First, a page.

The BBC SYMPHONY ORCHESTRA ( BBC SO) is a British orchestra based in London. Founded in 1930, it was the first permanent salaried orchestra in London, and is the only one of the city's five major symphony orchestras not to be self-governing. The BBC SO is the principal orchestra of the British Broadcasting Corporation (BBC). The BBC SO is a resident orchestra at the Barbican Centre , and gives studio concerts from its base at BBC Maida Vale studios . The BBC SO is also the principal orchestra at The Proms , performing the most concerts of any single orchestra in a given Proms season. CONTENTS* 1 History * 1.1 Background * 1.2 Foundation * 1.3 Second World War and postwar * 1.4 1950s * 1.5 1960s to 1980s * 1.6 1990s and 21st century * 1.7 Function in the 21st century * 2 Recordings * 3 Notes and references * 3.1 Notes * 3.2 References * 4 Sources * 5 External links HISTORYBACKGROUND The BBC Symphony Orchestra at the Barbican in October 2012 Almost from its beginning in November 1922 the BBC had started broadcasting from its " 2LO " transmitter with its own musical ensembles. The first such groups were the " 2LO Dance Band", the "2LO Military Band", the " 2LO Light Orchestra", and the " 2LO Octette", all of which began broadcasting in 1923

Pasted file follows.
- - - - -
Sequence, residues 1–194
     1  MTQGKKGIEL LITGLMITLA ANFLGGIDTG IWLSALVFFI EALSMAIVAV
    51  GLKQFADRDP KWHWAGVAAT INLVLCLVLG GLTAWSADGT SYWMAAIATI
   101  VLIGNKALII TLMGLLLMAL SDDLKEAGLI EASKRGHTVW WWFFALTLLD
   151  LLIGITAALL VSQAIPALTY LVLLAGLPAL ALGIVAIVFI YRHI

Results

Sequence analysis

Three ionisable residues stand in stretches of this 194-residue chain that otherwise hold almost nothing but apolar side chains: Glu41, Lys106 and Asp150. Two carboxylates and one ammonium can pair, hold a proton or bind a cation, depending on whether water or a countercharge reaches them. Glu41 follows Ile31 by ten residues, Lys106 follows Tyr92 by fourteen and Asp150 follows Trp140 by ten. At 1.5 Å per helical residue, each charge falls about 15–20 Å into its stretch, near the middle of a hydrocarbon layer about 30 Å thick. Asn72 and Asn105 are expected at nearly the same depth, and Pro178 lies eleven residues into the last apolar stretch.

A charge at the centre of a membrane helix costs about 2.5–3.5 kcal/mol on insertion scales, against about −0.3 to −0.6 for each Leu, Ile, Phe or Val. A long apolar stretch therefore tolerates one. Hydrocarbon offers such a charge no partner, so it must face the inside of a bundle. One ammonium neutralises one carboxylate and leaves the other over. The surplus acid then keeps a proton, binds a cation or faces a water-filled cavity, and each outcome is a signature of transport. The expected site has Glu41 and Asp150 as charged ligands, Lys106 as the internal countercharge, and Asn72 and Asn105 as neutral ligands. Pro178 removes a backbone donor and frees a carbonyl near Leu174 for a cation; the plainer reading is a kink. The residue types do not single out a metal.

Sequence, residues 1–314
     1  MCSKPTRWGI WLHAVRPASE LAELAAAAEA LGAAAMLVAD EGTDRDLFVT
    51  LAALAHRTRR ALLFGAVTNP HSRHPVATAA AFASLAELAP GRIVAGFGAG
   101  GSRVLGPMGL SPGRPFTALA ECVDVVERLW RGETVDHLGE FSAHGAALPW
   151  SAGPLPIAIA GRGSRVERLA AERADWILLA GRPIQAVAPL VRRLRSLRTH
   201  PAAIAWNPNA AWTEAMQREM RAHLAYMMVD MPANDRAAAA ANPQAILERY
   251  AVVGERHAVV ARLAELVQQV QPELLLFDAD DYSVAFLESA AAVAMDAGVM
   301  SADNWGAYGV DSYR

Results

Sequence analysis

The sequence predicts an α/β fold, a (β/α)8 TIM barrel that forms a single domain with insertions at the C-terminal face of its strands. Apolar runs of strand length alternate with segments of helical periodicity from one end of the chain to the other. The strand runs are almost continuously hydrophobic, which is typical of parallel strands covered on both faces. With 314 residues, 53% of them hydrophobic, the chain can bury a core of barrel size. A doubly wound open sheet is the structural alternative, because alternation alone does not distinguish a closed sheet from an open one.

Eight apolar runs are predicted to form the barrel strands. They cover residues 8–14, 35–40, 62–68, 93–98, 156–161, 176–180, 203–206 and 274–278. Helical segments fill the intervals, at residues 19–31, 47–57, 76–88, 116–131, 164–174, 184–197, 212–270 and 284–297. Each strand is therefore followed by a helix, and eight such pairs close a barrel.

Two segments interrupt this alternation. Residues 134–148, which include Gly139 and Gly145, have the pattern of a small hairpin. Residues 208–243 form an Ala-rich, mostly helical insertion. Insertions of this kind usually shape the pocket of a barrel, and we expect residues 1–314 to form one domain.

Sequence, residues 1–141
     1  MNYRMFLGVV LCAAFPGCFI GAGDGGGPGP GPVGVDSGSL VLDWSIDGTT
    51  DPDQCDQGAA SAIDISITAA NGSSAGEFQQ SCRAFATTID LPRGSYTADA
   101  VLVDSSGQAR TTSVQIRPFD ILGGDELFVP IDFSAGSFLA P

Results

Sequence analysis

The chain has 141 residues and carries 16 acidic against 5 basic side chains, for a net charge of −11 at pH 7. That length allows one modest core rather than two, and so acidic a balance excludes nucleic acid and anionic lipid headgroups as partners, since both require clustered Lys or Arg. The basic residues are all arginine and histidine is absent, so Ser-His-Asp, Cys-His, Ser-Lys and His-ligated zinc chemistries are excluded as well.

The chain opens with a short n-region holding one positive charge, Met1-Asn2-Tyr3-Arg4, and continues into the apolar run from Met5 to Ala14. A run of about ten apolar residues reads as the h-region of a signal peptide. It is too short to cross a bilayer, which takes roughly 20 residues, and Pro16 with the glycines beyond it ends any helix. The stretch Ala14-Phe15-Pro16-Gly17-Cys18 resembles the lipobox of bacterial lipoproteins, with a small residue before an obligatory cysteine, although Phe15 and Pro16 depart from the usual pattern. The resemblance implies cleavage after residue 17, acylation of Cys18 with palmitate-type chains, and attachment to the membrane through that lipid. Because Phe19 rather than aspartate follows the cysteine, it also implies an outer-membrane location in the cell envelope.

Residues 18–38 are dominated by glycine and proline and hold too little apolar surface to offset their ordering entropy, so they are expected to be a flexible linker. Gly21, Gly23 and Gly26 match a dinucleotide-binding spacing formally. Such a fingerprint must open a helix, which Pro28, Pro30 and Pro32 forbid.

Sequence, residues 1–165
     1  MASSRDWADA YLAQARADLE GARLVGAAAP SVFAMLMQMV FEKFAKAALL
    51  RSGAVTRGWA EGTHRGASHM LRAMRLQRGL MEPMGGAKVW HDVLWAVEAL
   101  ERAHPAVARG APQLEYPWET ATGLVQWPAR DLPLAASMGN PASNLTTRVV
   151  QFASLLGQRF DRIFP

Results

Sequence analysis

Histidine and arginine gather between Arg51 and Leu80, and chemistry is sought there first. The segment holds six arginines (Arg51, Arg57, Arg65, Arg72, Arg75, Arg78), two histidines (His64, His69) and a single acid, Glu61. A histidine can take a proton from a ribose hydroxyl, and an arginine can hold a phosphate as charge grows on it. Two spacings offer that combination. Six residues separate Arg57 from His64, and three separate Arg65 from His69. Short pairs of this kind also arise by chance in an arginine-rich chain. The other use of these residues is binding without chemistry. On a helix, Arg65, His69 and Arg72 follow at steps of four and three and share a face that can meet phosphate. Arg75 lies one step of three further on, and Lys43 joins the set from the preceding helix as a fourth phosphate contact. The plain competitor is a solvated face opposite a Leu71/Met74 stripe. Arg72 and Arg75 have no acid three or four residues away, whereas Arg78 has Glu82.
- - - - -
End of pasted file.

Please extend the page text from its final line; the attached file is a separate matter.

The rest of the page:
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Oslo Philharmonic